removing the pot is not a terrible hassle, but it is enough fiddly to discourage that as a means of approaching the situation (since it's not just the work, but also the fact I can't be certain a thin gauge wire wouldn't be a weak point in the design.) It's only doable for my at-home hobby work.
I've just considered it in the past but found other methods to deal with the situation. For example, where I work I'm occasionally doing one-off designs involving your boards so there are only a few units made yearly. That's one of the reasons we use the breakout boards instead of rolling our own (and, your boards are great quality and hardly more expensive than rolling our own.) So in the end we only use 16-32 of your stepper driver boards in a year at this rate. Once you count all the other types of boards you offer it ends up being 25-50, I'm guessing. Not a big amount.
I tend to do something where I have a PCB socket for your parts, to simplify wiring and replication for the future units, if I'm not around next year and they want to make a few more units.
At the moment I just document things well, and have made some thorough "how to set the potentiometer" docs for assembly here. But a much nicer approach for me would be to just declare some trace that needs to be cut and plug the board into my master MCU pcb board, and control a digital potentiometer in code. This would be(much easier than desoldering anything, and much much easier than asking people to set the mechanical potentiometer which can be done poorly and can theoretically shift. So I'm not particularly inclined to think there's a massive demand for another DRV8825 board with a digital potentiometer on board. Thanks for linking the other thread, I hadn't noticed it. EDIT: Hehe, I had not noticed, but I responded to that thread a long time ago when it was first listed.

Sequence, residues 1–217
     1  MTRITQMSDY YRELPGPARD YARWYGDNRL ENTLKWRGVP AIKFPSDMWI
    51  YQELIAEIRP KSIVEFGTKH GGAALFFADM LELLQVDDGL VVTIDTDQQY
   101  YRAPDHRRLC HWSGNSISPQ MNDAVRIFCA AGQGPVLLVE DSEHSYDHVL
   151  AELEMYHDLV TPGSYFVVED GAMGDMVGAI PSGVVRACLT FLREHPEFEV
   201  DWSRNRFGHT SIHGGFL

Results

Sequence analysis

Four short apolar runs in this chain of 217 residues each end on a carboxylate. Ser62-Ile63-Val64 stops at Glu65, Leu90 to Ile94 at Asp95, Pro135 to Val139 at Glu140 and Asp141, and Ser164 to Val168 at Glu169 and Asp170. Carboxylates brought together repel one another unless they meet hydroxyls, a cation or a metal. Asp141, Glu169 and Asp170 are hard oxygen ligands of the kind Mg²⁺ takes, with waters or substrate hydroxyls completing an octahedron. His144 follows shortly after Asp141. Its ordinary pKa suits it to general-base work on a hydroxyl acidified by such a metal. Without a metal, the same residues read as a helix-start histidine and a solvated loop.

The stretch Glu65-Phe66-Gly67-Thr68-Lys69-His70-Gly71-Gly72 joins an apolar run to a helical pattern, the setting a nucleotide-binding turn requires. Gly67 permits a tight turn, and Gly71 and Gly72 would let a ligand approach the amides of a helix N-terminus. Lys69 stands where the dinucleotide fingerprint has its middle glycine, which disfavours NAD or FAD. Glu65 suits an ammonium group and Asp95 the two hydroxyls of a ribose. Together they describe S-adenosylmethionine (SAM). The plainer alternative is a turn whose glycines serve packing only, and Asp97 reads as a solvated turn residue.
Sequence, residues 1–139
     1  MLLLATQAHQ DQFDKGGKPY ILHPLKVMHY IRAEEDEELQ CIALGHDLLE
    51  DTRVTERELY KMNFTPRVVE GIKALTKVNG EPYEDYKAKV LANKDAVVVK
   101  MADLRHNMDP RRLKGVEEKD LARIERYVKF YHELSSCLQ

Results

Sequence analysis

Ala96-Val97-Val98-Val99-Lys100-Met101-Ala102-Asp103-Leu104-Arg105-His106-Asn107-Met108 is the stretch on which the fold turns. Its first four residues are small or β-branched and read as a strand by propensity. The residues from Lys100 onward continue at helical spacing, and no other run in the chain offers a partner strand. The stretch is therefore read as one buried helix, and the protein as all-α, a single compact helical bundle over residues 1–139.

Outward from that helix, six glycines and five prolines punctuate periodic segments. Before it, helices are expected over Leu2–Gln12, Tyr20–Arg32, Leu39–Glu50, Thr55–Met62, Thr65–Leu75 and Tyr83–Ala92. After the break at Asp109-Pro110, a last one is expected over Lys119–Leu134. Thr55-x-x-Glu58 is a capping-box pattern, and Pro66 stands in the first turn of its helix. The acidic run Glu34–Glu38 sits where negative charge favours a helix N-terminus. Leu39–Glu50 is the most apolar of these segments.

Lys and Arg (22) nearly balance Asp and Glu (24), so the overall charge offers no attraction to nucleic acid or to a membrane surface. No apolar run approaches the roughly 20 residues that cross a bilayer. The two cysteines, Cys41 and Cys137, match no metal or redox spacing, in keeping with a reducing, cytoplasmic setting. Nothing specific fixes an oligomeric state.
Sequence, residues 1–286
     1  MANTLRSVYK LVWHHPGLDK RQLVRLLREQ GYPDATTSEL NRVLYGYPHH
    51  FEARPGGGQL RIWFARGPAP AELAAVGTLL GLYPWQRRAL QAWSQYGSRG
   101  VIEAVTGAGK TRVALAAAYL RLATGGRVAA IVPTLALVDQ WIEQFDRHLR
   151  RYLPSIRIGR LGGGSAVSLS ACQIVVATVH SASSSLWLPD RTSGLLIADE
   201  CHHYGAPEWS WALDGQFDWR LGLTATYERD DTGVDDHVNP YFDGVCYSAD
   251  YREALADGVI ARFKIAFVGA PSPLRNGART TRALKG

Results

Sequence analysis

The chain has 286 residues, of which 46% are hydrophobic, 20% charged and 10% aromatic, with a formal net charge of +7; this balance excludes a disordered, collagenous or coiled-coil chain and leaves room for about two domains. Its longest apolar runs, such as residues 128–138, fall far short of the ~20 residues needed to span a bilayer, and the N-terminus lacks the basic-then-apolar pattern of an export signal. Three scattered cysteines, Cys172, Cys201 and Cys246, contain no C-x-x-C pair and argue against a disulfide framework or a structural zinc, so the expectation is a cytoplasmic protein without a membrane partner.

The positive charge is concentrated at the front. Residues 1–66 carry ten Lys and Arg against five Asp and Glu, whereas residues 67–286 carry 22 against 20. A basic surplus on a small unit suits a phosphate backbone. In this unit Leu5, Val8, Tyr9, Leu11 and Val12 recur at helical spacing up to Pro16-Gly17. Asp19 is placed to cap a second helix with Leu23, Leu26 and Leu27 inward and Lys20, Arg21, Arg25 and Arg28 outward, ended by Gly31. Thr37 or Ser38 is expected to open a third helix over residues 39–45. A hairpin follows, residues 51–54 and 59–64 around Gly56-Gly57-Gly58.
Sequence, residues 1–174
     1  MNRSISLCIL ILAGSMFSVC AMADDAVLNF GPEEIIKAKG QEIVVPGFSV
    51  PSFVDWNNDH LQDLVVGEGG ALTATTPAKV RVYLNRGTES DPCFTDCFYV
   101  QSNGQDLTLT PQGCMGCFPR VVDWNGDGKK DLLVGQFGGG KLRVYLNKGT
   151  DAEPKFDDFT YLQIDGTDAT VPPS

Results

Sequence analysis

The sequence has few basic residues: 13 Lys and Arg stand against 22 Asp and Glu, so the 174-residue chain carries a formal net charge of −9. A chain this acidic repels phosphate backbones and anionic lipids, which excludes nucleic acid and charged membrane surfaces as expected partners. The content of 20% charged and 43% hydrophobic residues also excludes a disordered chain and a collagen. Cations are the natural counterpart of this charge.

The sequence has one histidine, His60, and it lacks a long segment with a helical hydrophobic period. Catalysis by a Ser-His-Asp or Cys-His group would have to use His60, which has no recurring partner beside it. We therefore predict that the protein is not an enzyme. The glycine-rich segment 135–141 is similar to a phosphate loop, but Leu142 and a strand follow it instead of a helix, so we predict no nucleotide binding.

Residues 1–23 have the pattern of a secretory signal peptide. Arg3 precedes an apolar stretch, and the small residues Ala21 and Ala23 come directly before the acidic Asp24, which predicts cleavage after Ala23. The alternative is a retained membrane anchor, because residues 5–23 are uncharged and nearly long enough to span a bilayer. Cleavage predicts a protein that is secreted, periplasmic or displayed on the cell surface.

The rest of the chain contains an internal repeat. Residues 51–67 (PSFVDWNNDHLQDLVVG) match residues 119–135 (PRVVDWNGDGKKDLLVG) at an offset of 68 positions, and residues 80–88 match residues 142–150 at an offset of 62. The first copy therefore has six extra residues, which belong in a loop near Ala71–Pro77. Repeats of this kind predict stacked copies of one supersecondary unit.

As I mentioned, I think it could potentially be done with just a clear trace to be cut ( representing 3.3V-mechanical pot leg high-side) to bypass the existing pot, and a through-hole along an unused edge, where that pin goes to where the output leg of the current mechanical pot goes. This way the board could 100% be used in the existing manner that people use them all the time, and also have the ability to be easily adapted for an external digital potentiometer. Or even just so that if people want to string multiple of the boards to similar stepper motors, they could cut the traces on them all, and set them with one external pot.
But I have no idea how much money it would take for such a design change, how much one extra hole would cost in production, and whether such (relatively limited) modification could fit on the existing form-factor.